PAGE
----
Decluttering could make you happier—and healthier
We all have stuff we leave lying around—tucked in a corner, behind furniture or just thrown in the back of the closet. We have good intentions to clean it up within a day or two, but three months later, it’s still there—now under a new pile of other things. It may seem like no big deal, but that seemingly harmless mess can be causing you more harm than you realize. Clutter tends to linger in our minds, building up as anxiety that can lead to stress, restlessness and even depression.
In fact, just the thought of cleaning a cluttered area—where to begin, what to keep and how to dispose of the excess—can feel overwhelming. But it doesn’t have to be an all-or-nothing chore. Keeping it simple and cleaning in stages can greatly ease your physical and mental work.
Here are some of the health benefits you can experience when you start decluttering your life:
• A clean desk can lead to better production. Is there a lot of stuff on your desk? It may be making it harder for you to do your job. That's because a cluttered environment can distract your brain from your priorities, leaving you frustrated and less productive.
By simply taking a few minutes a day to organize your space, you could actually save yourself time by working more efficiently.
• Having less clutter can make for better sleep. While a majority of people don’t have a hoarding disorder, many struggle with "too much stuff" syndrome. Both can lead to restless nights, thinking about how to begin to tackle the clutter. If you think you have too much stuff in your living space, consider this: having fewer things means making fewer choices throughout the day and prioritizing less time to cleanup.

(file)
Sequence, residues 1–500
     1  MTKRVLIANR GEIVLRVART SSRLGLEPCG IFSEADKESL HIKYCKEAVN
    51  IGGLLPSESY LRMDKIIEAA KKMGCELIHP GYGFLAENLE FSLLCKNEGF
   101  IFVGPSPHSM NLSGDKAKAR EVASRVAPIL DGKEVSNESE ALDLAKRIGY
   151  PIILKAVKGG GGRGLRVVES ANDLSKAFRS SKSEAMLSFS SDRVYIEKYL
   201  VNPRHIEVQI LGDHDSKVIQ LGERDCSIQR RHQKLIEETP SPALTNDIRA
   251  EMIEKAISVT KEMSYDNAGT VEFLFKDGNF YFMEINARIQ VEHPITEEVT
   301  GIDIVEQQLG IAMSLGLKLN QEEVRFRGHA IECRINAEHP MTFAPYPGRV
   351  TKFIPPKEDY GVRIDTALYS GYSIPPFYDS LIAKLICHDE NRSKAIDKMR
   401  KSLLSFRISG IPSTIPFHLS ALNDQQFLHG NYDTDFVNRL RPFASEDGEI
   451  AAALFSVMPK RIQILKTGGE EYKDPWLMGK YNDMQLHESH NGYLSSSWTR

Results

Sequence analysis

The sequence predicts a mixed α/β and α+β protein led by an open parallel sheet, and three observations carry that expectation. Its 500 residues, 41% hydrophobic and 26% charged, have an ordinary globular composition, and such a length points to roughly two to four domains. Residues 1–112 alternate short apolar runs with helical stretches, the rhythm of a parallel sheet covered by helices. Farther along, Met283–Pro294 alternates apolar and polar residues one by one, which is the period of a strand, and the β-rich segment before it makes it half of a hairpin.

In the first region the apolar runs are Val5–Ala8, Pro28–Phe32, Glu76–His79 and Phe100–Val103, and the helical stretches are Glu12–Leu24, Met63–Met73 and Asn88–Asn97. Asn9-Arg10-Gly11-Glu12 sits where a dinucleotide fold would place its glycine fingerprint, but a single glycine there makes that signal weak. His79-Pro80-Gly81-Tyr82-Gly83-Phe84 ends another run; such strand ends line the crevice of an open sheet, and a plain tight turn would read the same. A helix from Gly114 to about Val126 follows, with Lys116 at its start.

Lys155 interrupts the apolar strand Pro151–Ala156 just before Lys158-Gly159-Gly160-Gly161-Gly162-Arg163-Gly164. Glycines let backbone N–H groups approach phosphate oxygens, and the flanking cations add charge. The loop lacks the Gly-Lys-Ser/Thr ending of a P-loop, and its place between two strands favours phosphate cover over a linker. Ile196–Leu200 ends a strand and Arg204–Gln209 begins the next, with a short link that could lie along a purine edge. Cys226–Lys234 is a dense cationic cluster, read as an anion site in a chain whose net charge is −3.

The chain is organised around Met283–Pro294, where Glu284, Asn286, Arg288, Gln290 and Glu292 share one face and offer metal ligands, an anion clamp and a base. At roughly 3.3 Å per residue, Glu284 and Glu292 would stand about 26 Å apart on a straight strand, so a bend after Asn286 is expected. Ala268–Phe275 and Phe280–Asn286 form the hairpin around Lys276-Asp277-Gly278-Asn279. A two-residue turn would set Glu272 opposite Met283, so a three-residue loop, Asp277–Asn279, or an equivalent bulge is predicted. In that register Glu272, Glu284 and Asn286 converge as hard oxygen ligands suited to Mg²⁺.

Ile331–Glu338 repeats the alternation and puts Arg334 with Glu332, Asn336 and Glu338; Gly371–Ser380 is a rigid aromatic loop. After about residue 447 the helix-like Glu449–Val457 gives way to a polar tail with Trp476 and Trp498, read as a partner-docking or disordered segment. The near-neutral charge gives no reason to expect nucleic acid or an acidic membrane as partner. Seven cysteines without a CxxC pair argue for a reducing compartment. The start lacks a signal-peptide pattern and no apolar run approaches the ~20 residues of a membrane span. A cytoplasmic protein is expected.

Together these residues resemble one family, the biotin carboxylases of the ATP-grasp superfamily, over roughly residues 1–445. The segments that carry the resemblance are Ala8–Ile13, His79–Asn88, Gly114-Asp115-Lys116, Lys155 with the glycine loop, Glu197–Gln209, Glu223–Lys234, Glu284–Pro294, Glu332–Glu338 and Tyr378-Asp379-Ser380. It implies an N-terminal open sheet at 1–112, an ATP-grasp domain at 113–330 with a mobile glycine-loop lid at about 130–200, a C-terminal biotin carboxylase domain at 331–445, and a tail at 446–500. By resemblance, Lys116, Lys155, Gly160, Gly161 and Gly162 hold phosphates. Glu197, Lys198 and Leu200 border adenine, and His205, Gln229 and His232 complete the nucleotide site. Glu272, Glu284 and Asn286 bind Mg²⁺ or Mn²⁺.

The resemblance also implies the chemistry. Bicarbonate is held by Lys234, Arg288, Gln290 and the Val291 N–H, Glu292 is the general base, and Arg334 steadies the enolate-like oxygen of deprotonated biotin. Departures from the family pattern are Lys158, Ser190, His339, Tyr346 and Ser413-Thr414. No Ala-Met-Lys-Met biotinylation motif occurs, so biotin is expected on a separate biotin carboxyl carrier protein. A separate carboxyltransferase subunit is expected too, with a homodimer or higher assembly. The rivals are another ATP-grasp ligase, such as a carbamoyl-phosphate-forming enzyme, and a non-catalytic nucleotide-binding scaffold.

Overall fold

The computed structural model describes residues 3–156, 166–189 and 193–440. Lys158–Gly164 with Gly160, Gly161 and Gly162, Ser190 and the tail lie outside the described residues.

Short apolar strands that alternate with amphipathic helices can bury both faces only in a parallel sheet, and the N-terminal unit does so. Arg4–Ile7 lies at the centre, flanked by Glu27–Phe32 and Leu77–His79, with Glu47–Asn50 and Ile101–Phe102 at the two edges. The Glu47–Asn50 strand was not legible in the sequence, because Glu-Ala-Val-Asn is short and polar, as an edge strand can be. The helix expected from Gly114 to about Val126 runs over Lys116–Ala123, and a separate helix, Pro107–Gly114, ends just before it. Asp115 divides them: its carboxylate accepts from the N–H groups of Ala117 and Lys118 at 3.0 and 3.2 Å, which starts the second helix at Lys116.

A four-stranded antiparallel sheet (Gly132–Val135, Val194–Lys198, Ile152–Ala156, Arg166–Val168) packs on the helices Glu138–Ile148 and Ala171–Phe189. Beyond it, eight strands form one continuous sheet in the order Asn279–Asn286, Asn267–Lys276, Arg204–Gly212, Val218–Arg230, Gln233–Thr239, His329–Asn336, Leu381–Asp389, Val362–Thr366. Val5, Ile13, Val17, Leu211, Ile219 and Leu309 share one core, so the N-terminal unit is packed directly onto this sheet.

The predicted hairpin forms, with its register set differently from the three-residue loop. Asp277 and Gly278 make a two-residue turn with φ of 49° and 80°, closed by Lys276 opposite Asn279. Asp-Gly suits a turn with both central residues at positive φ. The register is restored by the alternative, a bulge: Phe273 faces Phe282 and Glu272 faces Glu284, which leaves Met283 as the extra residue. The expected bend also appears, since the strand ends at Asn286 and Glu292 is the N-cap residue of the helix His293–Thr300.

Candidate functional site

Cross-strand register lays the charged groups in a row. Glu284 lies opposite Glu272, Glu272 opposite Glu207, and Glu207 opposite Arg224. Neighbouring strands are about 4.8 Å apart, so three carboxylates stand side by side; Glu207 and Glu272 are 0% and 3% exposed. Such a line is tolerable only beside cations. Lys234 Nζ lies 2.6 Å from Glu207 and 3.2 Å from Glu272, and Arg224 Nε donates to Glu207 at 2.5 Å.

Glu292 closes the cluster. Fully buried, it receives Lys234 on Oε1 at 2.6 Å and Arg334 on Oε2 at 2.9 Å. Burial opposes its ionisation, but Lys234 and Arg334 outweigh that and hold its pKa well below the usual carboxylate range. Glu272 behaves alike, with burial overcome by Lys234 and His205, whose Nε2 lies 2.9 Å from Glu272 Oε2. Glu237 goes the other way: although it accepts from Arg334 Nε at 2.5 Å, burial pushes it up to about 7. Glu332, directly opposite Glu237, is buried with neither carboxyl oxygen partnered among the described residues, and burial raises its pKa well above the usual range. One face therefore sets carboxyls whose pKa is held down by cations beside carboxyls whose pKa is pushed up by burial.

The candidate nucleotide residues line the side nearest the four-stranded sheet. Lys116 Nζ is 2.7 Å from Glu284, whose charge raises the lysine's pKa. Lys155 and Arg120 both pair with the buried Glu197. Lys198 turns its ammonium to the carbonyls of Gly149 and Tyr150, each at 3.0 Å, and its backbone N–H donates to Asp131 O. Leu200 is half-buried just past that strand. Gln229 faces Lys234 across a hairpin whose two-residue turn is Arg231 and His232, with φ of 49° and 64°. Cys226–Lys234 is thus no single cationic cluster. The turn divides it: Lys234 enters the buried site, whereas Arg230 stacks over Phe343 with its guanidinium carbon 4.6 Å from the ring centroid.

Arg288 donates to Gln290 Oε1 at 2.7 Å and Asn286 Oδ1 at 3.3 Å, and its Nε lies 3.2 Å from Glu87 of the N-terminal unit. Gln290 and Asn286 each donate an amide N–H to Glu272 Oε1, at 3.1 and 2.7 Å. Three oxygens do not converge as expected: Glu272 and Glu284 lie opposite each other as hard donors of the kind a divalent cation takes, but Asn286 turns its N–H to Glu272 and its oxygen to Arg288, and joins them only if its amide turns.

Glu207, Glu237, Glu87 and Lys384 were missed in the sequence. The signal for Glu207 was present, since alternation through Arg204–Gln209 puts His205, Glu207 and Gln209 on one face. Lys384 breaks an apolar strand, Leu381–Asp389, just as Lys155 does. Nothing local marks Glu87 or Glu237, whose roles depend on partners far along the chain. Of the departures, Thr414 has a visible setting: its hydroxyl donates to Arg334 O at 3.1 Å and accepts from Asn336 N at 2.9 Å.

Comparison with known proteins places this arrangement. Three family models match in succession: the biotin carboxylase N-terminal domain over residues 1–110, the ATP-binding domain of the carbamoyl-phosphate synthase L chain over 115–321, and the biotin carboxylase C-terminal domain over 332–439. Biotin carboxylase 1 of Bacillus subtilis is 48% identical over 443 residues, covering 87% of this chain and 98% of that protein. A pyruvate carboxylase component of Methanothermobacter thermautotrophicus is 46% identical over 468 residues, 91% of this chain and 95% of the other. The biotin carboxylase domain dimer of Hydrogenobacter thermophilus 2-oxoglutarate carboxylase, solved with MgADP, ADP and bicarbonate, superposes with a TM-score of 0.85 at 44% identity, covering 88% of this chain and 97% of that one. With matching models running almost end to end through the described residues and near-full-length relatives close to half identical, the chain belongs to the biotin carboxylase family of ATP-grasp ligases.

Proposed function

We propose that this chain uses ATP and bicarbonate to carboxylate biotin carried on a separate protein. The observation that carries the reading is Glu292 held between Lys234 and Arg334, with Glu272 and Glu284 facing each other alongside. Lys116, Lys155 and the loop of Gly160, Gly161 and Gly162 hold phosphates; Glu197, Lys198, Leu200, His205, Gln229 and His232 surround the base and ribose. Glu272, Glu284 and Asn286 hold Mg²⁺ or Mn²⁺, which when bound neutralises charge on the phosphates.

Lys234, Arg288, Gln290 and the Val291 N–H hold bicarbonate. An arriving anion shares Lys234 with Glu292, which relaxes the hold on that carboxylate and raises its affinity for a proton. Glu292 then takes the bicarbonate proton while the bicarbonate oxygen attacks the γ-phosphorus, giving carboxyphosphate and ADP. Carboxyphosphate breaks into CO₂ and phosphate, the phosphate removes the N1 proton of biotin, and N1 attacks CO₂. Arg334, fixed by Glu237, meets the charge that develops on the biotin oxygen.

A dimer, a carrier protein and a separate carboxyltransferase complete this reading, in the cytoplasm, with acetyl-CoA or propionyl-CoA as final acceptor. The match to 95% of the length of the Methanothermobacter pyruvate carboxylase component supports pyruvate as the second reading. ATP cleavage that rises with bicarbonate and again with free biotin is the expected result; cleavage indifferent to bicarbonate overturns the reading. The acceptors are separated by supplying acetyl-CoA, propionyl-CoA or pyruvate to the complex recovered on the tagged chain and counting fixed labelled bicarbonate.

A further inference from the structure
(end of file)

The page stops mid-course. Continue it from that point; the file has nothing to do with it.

• Collecting less can lead to more savings. Once you’ve gotten rid of what you don’t need, try to be more mindful about future purchases. This isn’t to say you shouldn’t treat yourself to fun purchases—you should. But taking a moment to reflect on how likely it is you’ll actually use the item can help stop you from creating a new pile of “junk.” And the less you buy, the more you can save towards bills, your retirement or non-material purchases, such as travel!
• Less stuff means fewer allergens. Dust, dander and pet hair can pile up in hard-to-reach places. Be sure to keep up on changing your system’s air filters, and take the extra effort to move furniture while vacuuming. If you’re especially sensitive to home allergens, consider removing carpeting, as it’s a common area for dust mites to collect.
Like most healthy choices, decluttering and staying organized is a lifestyle change. If you take time to clean a little each day, you can make it a habit. Just focus on making small cleanups right away, rather than putting them off for later when it’ll likely become a much bigger task.
So take the time to put away the dishes or clean the end tables before heading to bed. It can help you achieve greater peace of mind.
*This article is for informational purposes only, and is not meant as medical advice.